Chiapas' New Bishop

As Bishop Samuel Ruiz, liberation theologian and champion of Chiapas’ indigenous peoples, faced mandatory retirement at age 75, many feared what would come next. Would pressure from the Mexican government and cardinals opposed to liberation theology result in a more conservative replacement?

Rome’s choice of Felipe Arzimendi—with his reputation for being theologically conservative but socially progressive—seems something of a compromise. "I will continue in the line of Samuel Ruiz," Arzimendi said. "I come not to compete or to destroy, but to complement."

Reports by the Mexican press and human rights offices indicate that paramilitary violence has increased in Chiapas in recent months, and the Mexican army continues to harass and intimidate the indigenous population. "Let the Mexican army respect human rights," said Arzimendi in his installation address, "and let no one be deceived by those who encourage the formation of paramilitary organizations. Do not accumulate more arms, and never raise your hand against your neighbor. Keep in mind the divine command: ‘Thou shalt not kill.’"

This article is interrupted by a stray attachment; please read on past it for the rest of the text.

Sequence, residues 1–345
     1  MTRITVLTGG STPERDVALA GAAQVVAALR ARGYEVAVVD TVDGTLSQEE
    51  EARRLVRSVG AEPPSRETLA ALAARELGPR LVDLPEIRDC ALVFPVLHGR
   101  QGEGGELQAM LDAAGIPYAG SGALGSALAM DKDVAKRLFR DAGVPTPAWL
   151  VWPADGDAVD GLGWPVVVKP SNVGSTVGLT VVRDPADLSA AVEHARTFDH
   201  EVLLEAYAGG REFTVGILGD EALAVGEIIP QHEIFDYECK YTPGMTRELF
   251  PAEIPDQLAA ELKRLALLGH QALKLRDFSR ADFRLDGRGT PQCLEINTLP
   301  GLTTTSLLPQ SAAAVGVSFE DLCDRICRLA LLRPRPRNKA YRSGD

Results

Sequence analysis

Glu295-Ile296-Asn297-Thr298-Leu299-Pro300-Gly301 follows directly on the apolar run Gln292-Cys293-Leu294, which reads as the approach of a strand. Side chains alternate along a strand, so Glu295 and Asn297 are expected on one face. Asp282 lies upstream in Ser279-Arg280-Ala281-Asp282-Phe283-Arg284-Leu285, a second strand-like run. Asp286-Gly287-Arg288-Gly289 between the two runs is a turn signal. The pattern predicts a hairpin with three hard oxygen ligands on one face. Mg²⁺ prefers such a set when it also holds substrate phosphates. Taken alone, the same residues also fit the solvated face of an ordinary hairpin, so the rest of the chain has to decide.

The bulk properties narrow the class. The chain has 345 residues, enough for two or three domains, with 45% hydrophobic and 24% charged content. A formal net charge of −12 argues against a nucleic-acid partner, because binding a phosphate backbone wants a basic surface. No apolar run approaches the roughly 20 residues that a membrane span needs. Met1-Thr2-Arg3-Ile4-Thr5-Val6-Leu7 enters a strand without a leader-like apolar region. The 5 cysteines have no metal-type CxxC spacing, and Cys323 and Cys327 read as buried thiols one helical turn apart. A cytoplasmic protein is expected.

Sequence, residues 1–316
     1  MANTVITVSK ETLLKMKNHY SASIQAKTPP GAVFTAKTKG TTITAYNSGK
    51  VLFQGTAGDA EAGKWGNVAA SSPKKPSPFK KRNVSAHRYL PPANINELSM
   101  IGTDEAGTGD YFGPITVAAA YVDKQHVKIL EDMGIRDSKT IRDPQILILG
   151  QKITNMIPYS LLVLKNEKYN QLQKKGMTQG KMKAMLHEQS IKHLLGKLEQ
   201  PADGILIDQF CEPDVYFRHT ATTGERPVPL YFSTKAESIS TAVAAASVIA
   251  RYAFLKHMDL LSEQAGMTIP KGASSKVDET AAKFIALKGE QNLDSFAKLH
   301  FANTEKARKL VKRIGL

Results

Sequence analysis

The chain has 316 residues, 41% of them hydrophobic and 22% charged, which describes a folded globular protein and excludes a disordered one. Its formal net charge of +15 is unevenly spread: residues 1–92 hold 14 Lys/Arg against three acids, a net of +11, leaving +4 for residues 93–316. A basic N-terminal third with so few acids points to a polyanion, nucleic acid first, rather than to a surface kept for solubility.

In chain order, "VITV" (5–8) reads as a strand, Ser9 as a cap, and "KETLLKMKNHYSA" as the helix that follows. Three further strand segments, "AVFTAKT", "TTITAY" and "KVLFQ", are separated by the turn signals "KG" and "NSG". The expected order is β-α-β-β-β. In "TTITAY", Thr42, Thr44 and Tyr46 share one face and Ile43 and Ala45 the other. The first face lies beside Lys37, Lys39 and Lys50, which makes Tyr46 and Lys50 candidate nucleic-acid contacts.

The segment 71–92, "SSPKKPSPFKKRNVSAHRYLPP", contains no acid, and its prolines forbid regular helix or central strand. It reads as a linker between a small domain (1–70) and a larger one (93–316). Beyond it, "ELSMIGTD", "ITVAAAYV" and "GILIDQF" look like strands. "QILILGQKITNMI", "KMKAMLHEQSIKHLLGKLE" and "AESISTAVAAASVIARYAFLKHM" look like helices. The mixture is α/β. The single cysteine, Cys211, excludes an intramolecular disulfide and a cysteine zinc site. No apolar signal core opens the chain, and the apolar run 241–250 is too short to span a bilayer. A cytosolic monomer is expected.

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"Chiapas' New Bishop"
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